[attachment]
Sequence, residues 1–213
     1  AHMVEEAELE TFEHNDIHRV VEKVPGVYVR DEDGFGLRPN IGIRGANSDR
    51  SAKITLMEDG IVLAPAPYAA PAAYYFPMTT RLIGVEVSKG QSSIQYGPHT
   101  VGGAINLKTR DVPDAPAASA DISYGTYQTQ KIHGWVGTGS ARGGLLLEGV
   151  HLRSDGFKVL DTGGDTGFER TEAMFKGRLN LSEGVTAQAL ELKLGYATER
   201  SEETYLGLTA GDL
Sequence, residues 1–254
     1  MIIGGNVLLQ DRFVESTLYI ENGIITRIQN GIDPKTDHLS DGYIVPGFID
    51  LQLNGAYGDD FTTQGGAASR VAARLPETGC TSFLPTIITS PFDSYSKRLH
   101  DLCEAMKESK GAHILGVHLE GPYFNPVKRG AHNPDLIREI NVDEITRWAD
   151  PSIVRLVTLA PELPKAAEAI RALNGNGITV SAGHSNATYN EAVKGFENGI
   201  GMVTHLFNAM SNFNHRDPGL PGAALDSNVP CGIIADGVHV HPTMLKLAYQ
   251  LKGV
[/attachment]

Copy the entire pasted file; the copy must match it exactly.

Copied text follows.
Sequence, residues 1–213
     1  AHMVEEAELE TFEHNDIHRV VEKVPGVYVR DEDGFGLRPN IGIRGANSDR
    51  SAKITLMEDG IVLAPAPYAA PAAYYFPMTT RLIGVEVSKG QSSIQYGPHT
   101  VGGAINLKTR DVPDAPAASA DISYGTYQTQ KIHGWVGTGS ARGGLLLEGV
   151  HLRSDGFKVL DTGGDTGFER TEAMFKGRLN LSEGVTAQAL ELKLGYATER
   201  SEETYLGLTA GDL
Sequence, residues 1–254
     1  MIIGGNVLLQ DRFVESTLYI ENGIITRIQN GIDPKTDHLS DGYIVPGFID
    51  LQLNGAYGDD FTTQGGAASR VAARLPETGC TSFLPTIITS PFDSYSKRLH
   101  DLCEAMKESK GAHILGVHLE GPYFNPVKRG AHNPDLIREI NVDEITRWAD
   151  PSIVRLVTLA PELPKAAEAI RALNGNGITV SAGHSNATYN EAVKGFENGI
   201  GMVTHLFNAM SNFNHRDPGL PGAALDSNVP CGIIADGVHV HPTMLKLAYQ
   251  LKGV